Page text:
Friday 4 November 2011

Searching for Sinfin [2]

found a pic of an 88 trolleybus, sadly not on Derby's Sinfin Lane
but at the Black Country Museum, website here.
see yesterday's blog (read again)
Where's the station?
Where's the stations?

In 1868, the Midland Railway opened its branch from Derby to Ashby-de-la-Zouch. It passed through largely rural; farming communities with stations at Chellaston and Melbourne amongst others. The line was hardly a top rate money spinner and it closed to passengers in 1930 and to freight in various stages from 1955 onwards.
Nothing remains the station at Chellaston ...
... except a line of trees top left. Likewise, Melbourne can offer a footpath/cycleway and a small industrial estate.
But in 1976, Derby City sponsored what they hoped would be a rival to the Birmingham Cross-City line. Two new stations were opened. One, Sinfin North, was "private" and located within the massive Rolls Royce aero engine factory; the other, Sinfin Central was available to the public and situated at the southernmost limits of the industrial complex.
a clip from Col. Cobb's Historical Atlas of 
the Railways of Great Britain.
Click on the image to enlarge.

Neither station was particularly close to the original village of Sinfin, or, indeed, the much extended post WW2 hosing development.

Yes, I remember Sinfin North –
The name; because one afternoon
Of heat the diesel-train drew up there
Unwontedly. It was late June.

The brakes hissed. Someone cleared his throat.
No one left and no one came
On the bare platform. What I saw
Was Sinfin North – only the name**

Neither station attracted the custom expected and the service was progressively reduced until in 1993 there was just one early morning return trip. This was replaced by a taxi when new diesel units proved technically unsuitable for the branch. Under privatisation, the line passed nominally to Central Trains who never ran a train to Sinfin.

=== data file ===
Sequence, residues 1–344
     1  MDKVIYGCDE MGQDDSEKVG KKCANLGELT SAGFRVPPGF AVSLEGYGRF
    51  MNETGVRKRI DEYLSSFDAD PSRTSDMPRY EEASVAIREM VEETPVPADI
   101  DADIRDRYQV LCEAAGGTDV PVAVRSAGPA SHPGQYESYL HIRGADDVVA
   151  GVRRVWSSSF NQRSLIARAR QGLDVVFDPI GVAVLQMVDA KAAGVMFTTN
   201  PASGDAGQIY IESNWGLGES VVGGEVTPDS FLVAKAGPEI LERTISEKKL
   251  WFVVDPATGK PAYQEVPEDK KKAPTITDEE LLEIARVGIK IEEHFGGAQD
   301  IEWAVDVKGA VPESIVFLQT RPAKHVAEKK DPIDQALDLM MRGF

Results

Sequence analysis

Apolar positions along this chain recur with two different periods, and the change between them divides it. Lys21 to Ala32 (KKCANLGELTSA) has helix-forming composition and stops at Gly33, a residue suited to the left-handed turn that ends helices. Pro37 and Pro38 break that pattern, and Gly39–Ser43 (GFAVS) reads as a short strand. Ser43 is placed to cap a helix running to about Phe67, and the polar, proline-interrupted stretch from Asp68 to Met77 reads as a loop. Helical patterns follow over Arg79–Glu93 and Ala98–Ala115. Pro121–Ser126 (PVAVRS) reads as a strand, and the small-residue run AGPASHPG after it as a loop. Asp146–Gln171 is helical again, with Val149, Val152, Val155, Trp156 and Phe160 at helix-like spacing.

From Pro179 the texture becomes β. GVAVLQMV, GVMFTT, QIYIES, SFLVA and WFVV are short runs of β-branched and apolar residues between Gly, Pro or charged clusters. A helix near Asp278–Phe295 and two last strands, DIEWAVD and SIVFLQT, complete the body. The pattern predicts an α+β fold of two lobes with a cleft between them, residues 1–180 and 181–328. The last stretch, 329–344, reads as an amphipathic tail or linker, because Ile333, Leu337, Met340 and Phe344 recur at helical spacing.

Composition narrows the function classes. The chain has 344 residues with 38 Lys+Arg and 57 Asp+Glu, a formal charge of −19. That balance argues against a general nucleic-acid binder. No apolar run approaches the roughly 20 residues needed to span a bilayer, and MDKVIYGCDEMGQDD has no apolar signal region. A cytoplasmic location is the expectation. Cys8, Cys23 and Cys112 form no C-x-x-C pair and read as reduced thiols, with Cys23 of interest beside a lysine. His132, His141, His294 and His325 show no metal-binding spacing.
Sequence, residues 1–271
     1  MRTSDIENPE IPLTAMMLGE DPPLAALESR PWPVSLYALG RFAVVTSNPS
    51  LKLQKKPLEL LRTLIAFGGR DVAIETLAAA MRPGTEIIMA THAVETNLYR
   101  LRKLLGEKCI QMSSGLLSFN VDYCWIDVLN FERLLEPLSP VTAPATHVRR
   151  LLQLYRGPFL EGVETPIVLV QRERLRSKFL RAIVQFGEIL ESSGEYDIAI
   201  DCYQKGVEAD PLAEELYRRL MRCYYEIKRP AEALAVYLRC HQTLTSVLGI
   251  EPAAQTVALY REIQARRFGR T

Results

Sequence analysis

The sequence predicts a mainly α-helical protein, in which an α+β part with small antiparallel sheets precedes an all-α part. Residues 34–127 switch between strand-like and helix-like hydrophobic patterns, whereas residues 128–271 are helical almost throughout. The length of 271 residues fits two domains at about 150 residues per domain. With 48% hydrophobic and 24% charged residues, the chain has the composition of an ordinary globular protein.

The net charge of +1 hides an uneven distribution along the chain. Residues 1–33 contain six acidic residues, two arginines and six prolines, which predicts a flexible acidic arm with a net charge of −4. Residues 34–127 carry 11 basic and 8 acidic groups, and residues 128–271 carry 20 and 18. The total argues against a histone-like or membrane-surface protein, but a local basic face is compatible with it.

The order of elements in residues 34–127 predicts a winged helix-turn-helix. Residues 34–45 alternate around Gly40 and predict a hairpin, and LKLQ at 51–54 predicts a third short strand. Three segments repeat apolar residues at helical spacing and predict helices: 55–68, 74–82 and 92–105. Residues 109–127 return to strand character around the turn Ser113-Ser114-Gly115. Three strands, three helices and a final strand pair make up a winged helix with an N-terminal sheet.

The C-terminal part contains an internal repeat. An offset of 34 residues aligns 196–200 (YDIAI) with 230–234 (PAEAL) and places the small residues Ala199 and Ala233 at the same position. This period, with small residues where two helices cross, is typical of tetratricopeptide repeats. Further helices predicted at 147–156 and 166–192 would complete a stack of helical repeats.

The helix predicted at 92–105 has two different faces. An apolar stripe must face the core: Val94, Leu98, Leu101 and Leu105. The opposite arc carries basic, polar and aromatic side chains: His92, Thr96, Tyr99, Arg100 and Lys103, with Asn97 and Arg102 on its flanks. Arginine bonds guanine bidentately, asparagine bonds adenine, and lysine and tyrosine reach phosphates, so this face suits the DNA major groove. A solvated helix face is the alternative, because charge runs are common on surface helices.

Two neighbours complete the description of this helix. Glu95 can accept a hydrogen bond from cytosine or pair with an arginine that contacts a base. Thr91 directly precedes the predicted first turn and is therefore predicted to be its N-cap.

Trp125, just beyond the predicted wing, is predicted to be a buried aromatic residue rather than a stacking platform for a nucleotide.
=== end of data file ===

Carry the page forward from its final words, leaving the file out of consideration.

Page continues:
Despite protests, as here from "The Independent"  of Monday 23rd February 1998 ...

THERE is a train service where passengers recline in leather seats, chat with the driver and get dropped off at their destination's door.

It is not a futuristic vision of Britain's rail service, but the story of the taxi ride that masquerades as the 6:48 morning train from Derby to Sinfin, an industrial suburb of the city. And, if the fat controllers of the private rail network get their way, its journey could be over for good.

Today, public hearings start to close the branch line to the two stations in Sinfin, a three- minute, two-mile journey from the centre of Derby, which costs £1.20 and for more than four years has been served only by a taxi replacing the scheduled service.

Although the taxi takes longer, the chief benefit for the three regular users is that they do not have to walk from the station - the taxi takes them all the way to their workplaces. One is dropped at his factory at Peartree, a stop half way down the line and the two remaining regulars are driven right to the door of the Rolls-Royce plant.

The downside is that the service is only one way. Returning in the evening they have to walk and take the bus - or a normal taxi at £3.20.

... the line was formally closed  on 21st May 1998.

fbb wonders whether the project was a decade or so ahead of its time. Derby "suburbs" Shelton Lock and Chellaston have expanded significantly and trains could have been extended to Castle Donington and East Midlands Airport along existing tracks. But sadly, it was not to be.

** Poem extract (with apologies!) based on "Adlestrop" by Edward Thomas. fbb and pal rode the line, soon after opening, on a train timed for the middle part of the day. No-one boarded, no-one alighted and the train returned empty, save for the chubby one and his less chubby chum, back to Derby.

Next blog : due Saturday November 5th

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